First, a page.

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How to Stop Hawk Attacks on Pigeons

| Updated November 01, 2017

Things You'll Need

  • Hawk balls

  • CDs

Anyone who loves pigeons, whether keeping them as pets for show or to fly, or simply enjoys watching them at a backyard bird feeder has probably been plagued by loss of birds to predatory hawks. Hawks are adept hunters and can swoop down, grab a pigeon and be gone in a split second. Controlling loss of birds to hawks is complicated. It’s illegal to kill or even harass hawks in most jurisdictions. And most bird lovers wouldn’t want to harm a hawk anymore than they like having hawks snack on pigeons. However, there are some techniques you can employ to ward off hawks from your feathered pigeon friends.

Take down bird feeders for backyard pigeons for a few days. Hawks will perch nearby feeders waiting for easy prey. If you remove the feeders, hawks will often move on to other hunting grounds.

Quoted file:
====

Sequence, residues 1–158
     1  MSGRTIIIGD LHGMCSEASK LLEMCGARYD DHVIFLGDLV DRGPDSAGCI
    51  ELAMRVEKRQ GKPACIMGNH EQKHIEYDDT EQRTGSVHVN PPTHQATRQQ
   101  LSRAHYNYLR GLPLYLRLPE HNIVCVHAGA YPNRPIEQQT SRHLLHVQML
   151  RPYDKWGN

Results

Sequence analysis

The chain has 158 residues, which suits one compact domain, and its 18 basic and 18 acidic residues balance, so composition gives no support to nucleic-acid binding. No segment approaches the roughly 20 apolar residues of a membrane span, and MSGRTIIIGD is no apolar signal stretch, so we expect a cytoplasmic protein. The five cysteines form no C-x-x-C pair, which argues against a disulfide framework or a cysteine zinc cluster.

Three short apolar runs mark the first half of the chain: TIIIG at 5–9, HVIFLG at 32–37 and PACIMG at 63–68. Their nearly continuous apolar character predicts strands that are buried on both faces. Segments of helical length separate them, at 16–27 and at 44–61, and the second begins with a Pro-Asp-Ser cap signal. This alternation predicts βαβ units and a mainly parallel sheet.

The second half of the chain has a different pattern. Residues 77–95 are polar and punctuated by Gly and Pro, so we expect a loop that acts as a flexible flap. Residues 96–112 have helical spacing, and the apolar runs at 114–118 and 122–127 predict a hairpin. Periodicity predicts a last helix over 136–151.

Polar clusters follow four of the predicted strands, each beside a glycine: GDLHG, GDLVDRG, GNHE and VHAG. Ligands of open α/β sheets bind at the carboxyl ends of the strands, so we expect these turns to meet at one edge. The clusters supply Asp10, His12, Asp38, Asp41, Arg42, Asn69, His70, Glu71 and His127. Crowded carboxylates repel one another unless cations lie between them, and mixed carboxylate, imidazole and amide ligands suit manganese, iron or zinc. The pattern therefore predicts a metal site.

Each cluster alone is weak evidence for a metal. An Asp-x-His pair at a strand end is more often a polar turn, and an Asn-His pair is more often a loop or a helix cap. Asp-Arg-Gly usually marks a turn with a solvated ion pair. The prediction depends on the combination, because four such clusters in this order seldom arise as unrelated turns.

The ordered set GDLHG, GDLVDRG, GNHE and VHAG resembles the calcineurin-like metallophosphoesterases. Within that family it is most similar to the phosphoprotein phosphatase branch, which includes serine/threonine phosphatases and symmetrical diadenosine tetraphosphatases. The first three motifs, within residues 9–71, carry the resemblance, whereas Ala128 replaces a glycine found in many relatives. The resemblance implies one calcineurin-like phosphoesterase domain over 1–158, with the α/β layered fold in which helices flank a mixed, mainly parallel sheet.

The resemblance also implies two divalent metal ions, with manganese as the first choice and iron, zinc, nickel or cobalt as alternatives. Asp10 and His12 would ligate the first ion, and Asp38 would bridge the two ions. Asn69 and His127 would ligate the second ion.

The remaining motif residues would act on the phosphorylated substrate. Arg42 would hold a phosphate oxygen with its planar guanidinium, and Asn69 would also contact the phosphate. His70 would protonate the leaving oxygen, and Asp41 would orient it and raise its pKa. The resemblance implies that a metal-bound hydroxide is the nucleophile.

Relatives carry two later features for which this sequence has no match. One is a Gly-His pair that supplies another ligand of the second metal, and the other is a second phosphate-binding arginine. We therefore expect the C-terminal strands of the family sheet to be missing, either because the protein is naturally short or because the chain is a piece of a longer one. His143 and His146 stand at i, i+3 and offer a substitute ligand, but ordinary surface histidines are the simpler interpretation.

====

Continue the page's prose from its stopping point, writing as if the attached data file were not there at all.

Place backyard pigeon feeders where there is natural protection. Putting a feeder near an evergreen shrub will give birds a refuge to escape to when a hawk is near.

Fly your pet pigeons at different times during the day. If you keep pigeons you allow to fly, change up the times you let them loose. Hawks will figure out a predictable routine and be waiting when you release your birds.

Keep your flying birds in shape. If you don’t allow your birds to fly regularly, they will be out of shape and more likely to fall prey to hawks.

Don’t overfeed your birds. At fat bird will be sluggish and slow and less likely to escape a hawk.

Train flying birds to return directly to the loft. Birds grazing in the lawn or roosting on the roof are much more likely to be caught by a hawk than they are when in free flight.

Feed the crows. Attracting crows to your property can help keep hawks at bay. Crows hate hawks and will harass and chase them away.

Hang hawk balls from trees near your pigeon loft. Hawk balls are large, mirrored balls that reflect light, which scares hawks away.

Place unwanted CDs on your loft, flying pen and other areas around the pigeons. CDs also reflect light, which hawks are afraid of. Tying a CD to a weather vane will project light in many different directions as it turns in the wind.